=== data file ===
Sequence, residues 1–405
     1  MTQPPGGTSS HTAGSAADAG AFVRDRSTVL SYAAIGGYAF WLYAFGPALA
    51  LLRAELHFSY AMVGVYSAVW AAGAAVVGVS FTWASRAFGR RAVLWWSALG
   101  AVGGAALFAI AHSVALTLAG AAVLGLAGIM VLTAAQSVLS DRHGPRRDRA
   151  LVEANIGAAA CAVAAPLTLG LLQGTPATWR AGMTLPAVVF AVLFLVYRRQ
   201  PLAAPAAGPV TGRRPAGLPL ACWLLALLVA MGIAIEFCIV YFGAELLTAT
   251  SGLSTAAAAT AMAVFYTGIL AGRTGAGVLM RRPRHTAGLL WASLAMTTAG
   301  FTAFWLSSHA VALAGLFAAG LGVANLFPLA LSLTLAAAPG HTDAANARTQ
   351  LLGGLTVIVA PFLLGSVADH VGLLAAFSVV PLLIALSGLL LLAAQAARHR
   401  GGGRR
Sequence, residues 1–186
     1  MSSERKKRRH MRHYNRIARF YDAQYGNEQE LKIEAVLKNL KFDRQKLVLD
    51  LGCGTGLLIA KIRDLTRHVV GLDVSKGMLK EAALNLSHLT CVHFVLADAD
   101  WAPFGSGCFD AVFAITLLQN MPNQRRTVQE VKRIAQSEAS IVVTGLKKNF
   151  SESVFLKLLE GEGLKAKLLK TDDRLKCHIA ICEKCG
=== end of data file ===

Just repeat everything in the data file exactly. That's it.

Sequence, residues 1–405
     1  MTQPPGGTSS HTAGSAADAG AFVRDRSTVL SYAAIGGYAF WLYAFGPALA
    51  LLRAELHFSY AMVGVYSAVW AAGAAVVGVS FTWASRAFGR RAVLWWSALG
   101  AVGGAALFAI AHSVALTLAG AAVLGLAGIM VLTAAQSVLS DRHGPRRDRA
   151  LVEANIGAAA CAVAAPLTLG LLQGTPATWR AGMTLPAVVF AVLFLVYRRQ
   201  PLAAPAAGPV TGRRPAGLPL ACWLLALLVA MGIAIEFCIV YFGAELLTAT
   251  SGLSTAAAAT AMAVFYTGIL AGRTGAGVLM RRPRHTAGLL WASLAMTTAG
   301  FTAFWLSSHA VALAGLFAAG LGVANLFPLA LSLTLAAAPG HTDAANARTQ
   351  LLGGLTVIVA PFLLGSVADH VGLLAAFSVV PLLIALSGLL LLAAQAARHR
   401  GGGRR
Sequence, residues 1–186
     1  MSSERKKRRH MRHYNRIARF YDAQYGNEQE LKIEAVLKNL KFDRQKLVLD
    51  LGCGTGLLIA KIRDLTRHVV GLDVSKGMLK EAALNLSHLT CVHFVLADAD
   101  WAPFGSGCFD AVFAITLLQN MPNQRRTVQE VKRIAQSEAS IVVTGLKKNF
   151  SESVFLKLLE GEGLKAKLLK TDDRLKCHIA ICEKCG